Why Electrolysis?  

The selection below was published in the U.S. Food and Drug Administration magazine, FDA Consumer (September 1996). The article compares laser and electrolysis hair removal processes.

Hair Today, Gone Tomorrow
by Marian Segal

Electrical Epilators

"Needle epilators introduce a very fine wire close to the hair shaft, under the skin, and into the hair follicle," explains Anthony Watson, a materials engineer in FDA's Center for Devices and Radiological Health. "An electric current travels down the wire and destroys the hair root at the bottom of the follicle. The loosened hair is then removed with tweezers. Every hair is treated individually."

Needle epilators are used in electrolysis. Because this technique destroys the hair follicle, it is considered a permanent hair removal method. The hair root may persist, however, if the needle misses the mark or if insufficient electricity is delivered to destroy it.

"Also," Watson adds, "the stimulus for hair growth in an area is never permanently removed. For instance, you can't control hormonal changes that cause new growth. Most people would probably define permanent as 'never comes back,' but from a medical standpoint that may not be practical."

"Electrolysis requires a series of treatments over a period of time. It's not just a one-, two- or three-time thing," she says. "For example, the process for a forearm takes a series of appointments once a week for about a year. You may have a first clearing of both forearms in about eight hours of treatment over two months. After that, you have to catch the hairs coming in on a different cycle of growth. For the best results, you want to treat each hair during its active growing stage."

Electrolysis may not always be the best approach, Wexler adds: "Some men who begin electrolysis to get rid of back hair soon stop, because it can be a huge, costly, and very time-consuming job, depending on the amount of hair."

More often, she says, men are treated for the area between the eyebrows, around the outside of the ears, and the shoulders."Women mostly come in for facial hair—the lip, chin, eyebrows, and neck, but I also do a tremendous amount of body work—bikini line, abdomen, breast, forearms, underarms," says Wexler.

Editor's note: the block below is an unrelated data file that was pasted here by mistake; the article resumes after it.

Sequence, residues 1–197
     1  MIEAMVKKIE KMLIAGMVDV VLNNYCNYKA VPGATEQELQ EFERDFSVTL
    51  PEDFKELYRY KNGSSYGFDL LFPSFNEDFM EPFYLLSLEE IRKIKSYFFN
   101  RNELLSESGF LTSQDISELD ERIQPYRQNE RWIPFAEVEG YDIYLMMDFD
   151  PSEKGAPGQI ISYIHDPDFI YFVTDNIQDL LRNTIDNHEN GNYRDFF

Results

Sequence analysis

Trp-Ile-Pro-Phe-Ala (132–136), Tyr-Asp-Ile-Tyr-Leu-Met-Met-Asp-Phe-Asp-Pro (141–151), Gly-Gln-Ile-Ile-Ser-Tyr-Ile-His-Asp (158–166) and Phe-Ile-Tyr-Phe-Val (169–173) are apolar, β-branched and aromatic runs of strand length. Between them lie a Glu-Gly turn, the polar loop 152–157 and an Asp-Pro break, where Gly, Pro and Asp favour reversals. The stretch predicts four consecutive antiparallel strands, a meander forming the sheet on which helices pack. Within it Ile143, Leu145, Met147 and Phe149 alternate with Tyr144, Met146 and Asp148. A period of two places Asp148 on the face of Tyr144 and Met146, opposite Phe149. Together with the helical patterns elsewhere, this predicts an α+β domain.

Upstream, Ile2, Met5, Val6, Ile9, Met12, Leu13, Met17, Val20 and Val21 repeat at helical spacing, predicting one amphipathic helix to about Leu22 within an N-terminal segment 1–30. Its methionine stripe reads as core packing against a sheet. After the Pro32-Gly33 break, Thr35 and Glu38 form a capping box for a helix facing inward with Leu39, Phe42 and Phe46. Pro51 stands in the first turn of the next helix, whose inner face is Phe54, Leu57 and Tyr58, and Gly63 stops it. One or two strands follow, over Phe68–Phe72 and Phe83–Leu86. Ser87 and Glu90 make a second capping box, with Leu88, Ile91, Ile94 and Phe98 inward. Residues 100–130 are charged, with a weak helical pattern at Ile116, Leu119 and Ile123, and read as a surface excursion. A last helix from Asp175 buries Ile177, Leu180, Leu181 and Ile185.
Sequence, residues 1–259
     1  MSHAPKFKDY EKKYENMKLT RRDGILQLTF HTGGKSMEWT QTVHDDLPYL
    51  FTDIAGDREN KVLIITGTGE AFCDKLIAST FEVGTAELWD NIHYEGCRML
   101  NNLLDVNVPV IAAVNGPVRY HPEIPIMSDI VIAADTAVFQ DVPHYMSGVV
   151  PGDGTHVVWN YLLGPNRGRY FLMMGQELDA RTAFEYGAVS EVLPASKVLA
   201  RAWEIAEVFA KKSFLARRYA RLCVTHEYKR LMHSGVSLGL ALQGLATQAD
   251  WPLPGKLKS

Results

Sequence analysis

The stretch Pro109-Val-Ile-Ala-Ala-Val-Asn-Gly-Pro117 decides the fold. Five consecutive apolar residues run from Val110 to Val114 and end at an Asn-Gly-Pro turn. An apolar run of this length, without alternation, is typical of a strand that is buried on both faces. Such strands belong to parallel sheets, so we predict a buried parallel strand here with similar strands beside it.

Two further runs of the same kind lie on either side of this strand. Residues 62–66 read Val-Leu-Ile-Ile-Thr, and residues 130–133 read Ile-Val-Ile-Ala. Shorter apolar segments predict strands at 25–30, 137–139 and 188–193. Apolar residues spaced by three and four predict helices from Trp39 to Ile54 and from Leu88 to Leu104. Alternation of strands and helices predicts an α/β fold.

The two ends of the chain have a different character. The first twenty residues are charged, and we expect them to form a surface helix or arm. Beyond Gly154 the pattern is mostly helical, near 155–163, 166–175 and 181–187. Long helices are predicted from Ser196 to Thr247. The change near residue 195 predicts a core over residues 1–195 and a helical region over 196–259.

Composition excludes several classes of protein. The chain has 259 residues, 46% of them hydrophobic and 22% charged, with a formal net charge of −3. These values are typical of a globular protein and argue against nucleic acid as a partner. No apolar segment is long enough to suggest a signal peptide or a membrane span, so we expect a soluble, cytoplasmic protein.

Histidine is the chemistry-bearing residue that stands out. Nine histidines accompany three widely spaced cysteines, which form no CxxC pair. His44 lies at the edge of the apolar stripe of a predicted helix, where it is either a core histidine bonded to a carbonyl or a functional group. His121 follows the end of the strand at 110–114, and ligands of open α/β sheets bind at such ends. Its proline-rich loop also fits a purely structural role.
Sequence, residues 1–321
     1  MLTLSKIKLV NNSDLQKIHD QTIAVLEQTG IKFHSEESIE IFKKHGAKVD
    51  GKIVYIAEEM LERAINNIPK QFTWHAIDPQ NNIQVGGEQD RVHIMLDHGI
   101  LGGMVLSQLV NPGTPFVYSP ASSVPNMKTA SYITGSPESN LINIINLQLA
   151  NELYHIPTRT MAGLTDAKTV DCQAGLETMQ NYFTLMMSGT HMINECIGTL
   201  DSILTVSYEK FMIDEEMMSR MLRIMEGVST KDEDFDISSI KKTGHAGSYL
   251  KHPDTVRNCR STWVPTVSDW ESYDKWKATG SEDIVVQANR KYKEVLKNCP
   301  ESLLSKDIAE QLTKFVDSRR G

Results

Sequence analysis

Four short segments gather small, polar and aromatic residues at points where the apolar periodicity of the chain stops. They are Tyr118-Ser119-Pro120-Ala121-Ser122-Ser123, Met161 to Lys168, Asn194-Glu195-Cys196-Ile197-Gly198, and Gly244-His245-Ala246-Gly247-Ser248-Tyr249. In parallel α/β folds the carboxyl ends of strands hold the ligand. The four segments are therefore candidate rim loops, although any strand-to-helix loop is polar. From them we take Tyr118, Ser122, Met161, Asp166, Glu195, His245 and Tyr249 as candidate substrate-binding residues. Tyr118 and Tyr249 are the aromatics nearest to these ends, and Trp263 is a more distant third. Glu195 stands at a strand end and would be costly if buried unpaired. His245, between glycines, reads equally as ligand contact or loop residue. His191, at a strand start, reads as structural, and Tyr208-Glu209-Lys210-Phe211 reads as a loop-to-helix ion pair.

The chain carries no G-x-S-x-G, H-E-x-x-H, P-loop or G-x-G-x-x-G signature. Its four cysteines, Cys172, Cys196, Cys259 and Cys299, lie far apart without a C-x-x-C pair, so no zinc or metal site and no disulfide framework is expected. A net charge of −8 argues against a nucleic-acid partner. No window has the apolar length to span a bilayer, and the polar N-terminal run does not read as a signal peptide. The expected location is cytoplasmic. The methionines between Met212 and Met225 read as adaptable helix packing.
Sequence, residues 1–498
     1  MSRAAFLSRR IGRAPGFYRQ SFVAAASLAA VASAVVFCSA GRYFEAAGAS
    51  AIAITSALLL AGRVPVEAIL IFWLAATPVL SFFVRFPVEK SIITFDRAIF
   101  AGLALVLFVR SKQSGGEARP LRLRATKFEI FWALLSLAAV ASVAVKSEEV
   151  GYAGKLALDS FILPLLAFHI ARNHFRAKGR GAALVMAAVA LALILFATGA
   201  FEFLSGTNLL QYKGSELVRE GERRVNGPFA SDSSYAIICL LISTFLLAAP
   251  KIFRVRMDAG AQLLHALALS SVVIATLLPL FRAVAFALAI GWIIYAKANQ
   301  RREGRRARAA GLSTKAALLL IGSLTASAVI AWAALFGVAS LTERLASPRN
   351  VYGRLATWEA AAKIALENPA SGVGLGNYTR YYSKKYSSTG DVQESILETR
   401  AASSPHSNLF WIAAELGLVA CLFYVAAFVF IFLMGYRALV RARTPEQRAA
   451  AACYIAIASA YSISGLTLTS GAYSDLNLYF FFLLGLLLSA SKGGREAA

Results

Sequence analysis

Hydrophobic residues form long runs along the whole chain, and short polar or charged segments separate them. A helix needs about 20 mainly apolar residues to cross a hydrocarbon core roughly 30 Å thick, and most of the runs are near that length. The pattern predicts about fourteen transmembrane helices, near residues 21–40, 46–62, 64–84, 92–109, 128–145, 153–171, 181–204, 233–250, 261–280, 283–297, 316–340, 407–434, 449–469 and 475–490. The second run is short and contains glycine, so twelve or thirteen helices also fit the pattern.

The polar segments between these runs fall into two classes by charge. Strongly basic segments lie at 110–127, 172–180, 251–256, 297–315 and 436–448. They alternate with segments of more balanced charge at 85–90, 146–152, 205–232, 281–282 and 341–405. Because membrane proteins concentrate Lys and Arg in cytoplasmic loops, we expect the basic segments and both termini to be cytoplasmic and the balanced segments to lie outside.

Laser

Hair removal entered the "laser age" last year when FDA cleared the ThermoLase Softlight laser, manufactured by Thermotrex Corporation, based in San Diego.

"The Softlight is essentially a standard dermatological laser similar to others already on the market for treating skin lesions and removing tattoos," says Richard Felten, a senior reviewer in FDA's Center for Devices and Radiological Health.

With the ThermoLase method, a proprietary, topical, black-colored solution is applied to the treatment area before the laser is scanned across it.

"The solution penetrates the hair follicles, and the black material in it preferentially absorbs the laser wavelength, which heats and destroys the follicles," Felten explains.

Three-month clinical trials of the ThermoLase process showed at least a 30 percent reduction of hair on treated areas in 60 to 70 percent of people treated. Manufacturers must limit claims of laser treatment permanence to results substantiated by the clinical data. Thermotrex, therefore, can claim that its laser process causes hair reduction for up to three months after treatment.

Some side effects can be expected whenever a laser is used to treat the skin, Felten says. These include redness, caused by heating the tissue; possibly some darkening of light-complexioned skin and lightening of dark-complexioned skin; and a risk of some scarring in some patients.

"Usually the treated area is covered to prevent infection during the healing period, and then kept covered with a moist solution for a period of time," Felten says, adding that sunlight should be avoided during healing also, to avoid a change in pigment.


   
   
 

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